Friday, December 7, 2012

William of Ockham

The goal of Daily Medieval is to present a sampling of the infinite array of information about the Middle Ages in small, digestible amounts. It offers a taste of the thousand years of people, events, and ideas that don't get covered in the streamlined history books of standard academic courses. To that end, it tries to avoid those things that people "already know" and focus on the lesser-known lights that shone at the foundation of modern civilization. Sometimes, however, the obscure overlaps the well-known, and I find myself "forced" to write about something or someone that I worry is known well enough that the daily entry won't give the reader anything "new." My goal then becomes to broaden the reader's knowledge in unexpected ways.

Which brings us to William of Ockham. I would be surprised if readers of Daily Medieval had not heard of Occam's (or Ockham's) Razor, a guiding principle that says one should not make more assumptions than absolutely necessary to try to explain something.

William of Ockham (c.1285-1349) was responsible for so much more, however. Believed to have been born in Ockham in Surrey, England, he wrote about metaphysics, logic, theology, politics, and more. All this writing, however, happened when he left Oxford University in 1320 without a degree in theology. The prevailing theory for this unexpected departure is that he would not acquiesce to changing his commentary on the Sentences of Peter Lombard, a common part of the final examination for university students.

The basis for the theory is how the situation blew up years later. Ockham was summoned to Avignon to appear before Pope John XXII and a committee that would examine his writings. The committee, chaired by John Luttrell (an ex-chancellor of Oxford) found 51 heresies among William's commentary on the Sentences. It is believed that William escaped punishment by appealing to the Holy Roman Emperor (at the time, Louis IV), who was not always on good terms with the pope, saying to him "You defend me with the sword and I will defend you with the pen." In effect, he placed at the disposal of the Emperor his intellectual gifts, which (if this story is true) must have been known to be considerable for this ploy to work.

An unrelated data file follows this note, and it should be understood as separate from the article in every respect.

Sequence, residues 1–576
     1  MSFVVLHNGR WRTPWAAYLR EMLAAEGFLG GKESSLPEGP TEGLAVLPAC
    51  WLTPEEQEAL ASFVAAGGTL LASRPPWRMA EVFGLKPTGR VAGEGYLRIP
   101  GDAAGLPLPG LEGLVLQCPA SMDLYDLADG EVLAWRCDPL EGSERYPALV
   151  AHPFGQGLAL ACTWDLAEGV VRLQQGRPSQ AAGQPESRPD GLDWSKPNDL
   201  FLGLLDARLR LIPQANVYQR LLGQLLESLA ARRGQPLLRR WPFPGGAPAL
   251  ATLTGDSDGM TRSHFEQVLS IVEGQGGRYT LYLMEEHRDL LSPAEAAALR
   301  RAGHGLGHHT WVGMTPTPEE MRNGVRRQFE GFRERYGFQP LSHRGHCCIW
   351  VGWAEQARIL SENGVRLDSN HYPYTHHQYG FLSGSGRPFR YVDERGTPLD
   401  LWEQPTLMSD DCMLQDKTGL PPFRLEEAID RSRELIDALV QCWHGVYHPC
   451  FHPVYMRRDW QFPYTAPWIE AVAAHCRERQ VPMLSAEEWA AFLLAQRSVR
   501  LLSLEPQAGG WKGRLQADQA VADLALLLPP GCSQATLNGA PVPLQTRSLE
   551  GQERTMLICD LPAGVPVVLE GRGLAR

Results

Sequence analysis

How did William earn his intellectual reputation? Between leaving Oxford in 1320 and arriving in Avignon in 1324, he spent three years in a Franciscan monastery, writing prolifically. One of the topics he put his mind to was whether priests should be allowed to own property. Franciscans believed priests should live a life of poverty. This put them into conflict with Pope John XXII, so the summons to Avignon and condemnation may have had more to do with that question than his Oxford writings.

Besides challenging the Church's ideas about material wealth, he was also challenging the ideas of people like Thomas Aquinas that reason was sufficient to determine everything we needed to know about the world.

But that's a story for another day.

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